Sunday, July 27, 2014

Southwestern College Left Navigation

SWC Mascot

"The Governing Board of the Southwestern Community College District formally changed the College’s mascot from the Apache to the Jaguar in May 2001. The decision was the result of approximately two years of campus discussion in response to local and national concerns about using people as mascots. The U.S. Civil Rights Commission had previously made a formal recommendation and issued a call to all schools and colleges to stop using Indian names as mascots and team names, deeming their use insensitive to American Indians.

The Jaguar was chosen due to its influence in the Mayan culture, which has been the dominant influence in the architectural design of the Southwestern College campus. The Maya were the largest culture in all Central America and their civilization excelled in the sciences, developed advanced calendar systems and used the mathematical concept of pi to calculate the movement of the stars and to design their cities. Additionally, Maya hieroglyphs make up one of only five independent writing systems ever developed and further reveal the sophistication of the Mayan culture.

The College’s theatre was named “Mayan Hall” when it opened 40 years ago. And, the Governing Board of the Southwestern Community College District has continuously and consistently emphasized the importance of adhering to Mayan inspired architecture in the remodeling, renovation, or construction of all buildings on campus. A glass etching of the Maya legend of the Ballmarker, El Marcador de Pelota, has become the focal point of the College’s new Student Center.

The Maya played a serious ball game called tlachtli wherein the players successfully completed their bargain with the universe. The objective of the game, an allegory for the continuation of life, was to keep the ball in motion. Individuals who entered the court were required to work collaboratively to be successful. The design represents the movement of the sun and the passage of time. If the game were played correctly, the order of the universe would be maintained and the success of the Maya world secured. The Ballmarker assured that all who stepped into the court were mentally, spiritually, physically, and intellectually prepared.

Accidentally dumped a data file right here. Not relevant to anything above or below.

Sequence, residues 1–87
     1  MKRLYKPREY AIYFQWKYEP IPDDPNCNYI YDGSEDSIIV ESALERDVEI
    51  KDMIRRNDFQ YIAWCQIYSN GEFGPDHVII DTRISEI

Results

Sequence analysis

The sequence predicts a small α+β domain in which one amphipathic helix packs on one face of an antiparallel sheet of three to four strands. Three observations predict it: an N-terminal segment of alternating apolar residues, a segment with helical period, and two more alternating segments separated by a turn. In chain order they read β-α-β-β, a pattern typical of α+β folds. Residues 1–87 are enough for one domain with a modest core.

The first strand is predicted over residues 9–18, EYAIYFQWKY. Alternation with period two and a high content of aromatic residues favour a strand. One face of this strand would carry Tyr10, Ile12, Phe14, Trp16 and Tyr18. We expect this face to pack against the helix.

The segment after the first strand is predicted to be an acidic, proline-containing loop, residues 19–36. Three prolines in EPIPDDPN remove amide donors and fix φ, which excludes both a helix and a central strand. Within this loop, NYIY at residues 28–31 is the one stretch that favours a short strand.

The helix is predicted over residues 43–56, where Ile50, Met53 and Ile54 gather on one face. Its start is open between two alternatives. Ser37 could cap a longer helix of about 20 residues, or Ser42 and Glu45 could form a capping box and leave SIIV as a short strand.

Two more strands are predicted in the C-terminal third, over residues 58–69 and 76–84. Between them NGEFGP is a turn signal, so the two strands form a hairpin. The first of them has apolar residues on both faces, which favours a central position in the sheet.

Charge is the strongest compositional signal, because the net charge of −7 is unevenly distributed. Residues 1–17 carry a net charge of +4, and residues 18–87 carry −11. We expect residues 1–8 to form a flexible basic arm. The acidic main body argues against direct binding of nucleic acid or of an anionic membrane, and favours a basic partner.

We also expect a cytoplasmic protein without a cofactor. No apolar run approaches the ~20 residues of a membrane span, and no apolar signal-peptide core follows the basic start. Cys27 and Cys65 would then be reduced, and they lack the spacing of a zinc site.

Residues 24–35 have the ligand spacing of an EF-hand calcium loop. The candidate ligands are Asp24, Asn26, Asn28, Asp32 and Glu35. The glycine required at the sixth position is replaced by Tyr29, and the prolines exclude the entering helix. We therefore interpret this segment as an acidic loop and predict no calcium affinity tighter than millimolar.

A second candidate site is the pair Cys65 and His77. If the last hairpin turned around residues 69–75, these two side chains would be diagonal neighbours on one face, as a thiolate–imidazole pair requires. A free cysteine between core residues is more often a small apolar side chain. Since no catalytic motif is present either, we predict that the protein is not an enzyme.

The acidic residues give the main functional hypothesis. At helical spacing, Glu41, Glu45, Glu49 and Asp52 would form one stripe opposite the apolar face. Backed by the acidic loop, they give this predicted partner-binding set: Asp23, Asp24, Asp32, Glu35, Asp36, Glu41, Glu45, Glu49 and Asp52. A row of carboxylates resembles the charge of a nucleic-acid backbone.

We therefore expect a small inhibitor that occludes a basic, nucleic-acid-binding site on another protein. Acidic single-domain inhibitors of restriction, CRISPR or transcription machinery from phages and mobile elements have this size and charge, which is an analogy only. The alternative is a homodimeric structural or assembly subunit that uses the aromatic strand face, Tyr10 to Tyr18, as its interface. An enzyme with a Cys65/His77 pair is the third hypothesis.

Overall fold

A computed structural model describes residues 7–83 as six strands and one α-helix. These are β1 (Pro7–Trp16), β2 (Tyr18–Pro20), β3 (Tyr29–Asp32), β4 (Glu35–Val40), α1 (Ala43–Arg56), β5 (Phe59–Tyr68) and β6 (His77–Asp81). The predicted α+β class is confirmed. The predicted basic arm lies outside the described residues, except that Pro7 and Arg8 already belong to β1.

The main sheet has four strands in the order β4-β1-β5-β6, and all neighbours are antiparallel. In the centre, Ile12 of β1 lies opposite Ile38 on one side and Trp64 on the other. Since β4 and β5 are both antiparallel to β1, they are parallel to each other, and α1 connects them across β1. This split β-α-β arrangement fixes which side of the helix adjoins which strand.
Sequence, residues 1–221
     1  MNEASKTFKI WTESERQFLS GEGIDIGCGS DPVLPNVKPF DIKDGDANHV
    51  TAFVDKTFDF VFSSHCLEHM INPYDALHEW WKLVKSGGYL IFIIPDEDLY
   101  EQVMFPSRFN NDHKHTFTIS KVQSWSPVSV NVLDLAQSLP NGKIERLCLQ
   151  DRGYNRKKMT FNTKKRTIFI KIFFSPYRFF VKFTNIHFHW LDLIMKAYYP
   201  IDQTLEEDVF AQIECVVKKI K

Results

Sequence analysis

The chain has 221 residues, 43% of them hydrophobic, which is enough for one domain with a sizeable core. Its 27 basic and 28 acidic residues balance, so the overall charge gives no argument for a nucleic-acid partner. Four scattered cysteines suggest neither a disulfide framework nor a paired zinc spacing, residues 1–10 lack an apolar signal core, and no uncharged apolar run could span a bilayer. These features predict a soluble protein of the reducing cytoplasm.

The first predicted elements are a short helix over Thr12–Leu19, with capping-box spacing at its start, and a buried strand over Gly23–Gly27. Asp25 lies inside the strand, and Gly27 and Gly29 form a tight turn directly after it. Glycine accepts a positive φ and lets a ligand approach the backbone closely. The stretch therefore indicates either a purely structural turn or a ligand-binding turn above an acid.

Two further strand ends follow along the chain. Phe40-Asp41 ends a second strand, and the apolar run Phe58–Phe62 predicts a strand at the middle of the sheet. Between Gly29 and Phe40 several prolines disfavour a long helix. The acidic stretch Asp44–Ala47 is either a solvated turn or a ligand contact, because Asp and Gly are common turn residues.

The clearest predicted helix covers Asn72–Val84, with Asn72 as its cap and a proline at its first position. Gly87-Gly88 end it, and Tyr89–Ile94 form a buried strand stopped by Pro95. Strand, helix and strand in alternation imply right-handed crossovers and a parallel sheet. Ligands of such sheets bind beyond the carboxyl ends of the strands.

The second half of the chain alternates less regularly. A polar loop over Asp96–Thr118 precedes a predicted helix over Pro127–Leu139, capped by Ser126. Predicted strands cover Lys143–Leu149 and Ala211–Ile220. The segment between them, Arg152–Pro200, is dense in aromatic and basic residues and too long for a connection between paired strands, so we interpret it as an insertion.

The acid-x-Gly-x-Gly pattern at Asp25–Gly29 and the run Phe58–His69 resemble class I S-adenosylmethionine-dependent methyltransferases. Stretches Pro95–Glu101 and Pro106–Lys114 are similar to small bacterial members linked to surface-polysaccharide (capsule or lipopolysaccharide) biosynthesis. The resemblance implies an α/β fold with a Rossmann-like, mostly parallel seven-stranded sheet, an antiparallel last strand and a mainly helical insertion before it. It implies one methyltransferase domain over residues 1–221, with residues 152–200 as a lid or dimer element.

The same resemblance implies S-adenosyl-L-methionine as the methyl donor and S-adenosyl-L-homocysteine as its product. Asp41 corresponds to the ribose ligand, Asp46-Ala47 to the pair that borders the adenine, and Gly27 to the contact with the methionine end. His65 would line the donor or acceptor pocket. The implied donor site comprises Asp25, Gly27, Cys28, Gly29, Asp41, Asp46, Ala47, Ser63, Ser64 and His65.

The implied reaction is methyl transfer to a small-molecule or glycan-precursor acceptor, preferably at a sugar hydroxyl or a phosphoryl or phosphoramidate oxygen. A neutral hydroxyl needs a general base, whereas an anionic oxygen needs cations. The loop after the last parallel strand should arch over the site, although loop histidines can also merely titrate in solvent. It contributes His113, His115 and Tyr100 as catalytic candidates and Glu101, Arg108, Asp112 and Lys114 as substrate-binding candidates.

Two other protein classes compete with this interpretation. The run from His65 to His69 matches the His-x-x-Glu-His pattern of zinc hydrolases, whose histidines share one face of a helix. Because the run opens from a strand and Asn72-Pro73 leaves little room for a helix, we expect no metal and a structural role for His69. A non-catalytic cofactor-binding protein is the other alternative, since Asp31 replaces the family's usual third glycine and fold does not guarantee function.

The legend of the Ballmarker is symbolic of preparation for the rigors of a competitive and changing world, an appropriate and fitting legend to be affiliated with the academic learning environment and culture of Southwestern College.

The Jaguar appears as a recurring theme in Mayan legend, frequently depicted as being associated with royalty, strength, beauty, power, and intelligence. Jaguars are distinguished as being the largest and most powerful cat in the Western Hemisphere and they are rarely aggressive toward humans. Unlike leopards, Jaguars never developed man-eating tendencies and coexisted with humans in a relationship marked by awe and respect. Although all of the big cats have inspired their share of myths and legends, few have played such a pivotal role in the religion and culture of a continent as the Jaguar. Considered to be a Mesoamerican deity, the Jaguar formerly roamed lands from the south of the current states of California, New Mexico and Texas in the United States, all the way to Uruguay and northern Argentina.

The College’s official jaguar image was designed by Southwestern College student, Aaron Ulloa Chavez, and is available in two design formats, the rare black jaguar and a tawny-colored version. Most Jaguars are a yellowish brown with dark rosettes that resemble paw prints, but their coats may vary and there are totally black specimens that resemble panthers. Jaguars are in the group of the roaring cats and their roar has been likened to a series of hoarse coughs, which function as a means of proclaiming territorial boundaries and announcing their presence.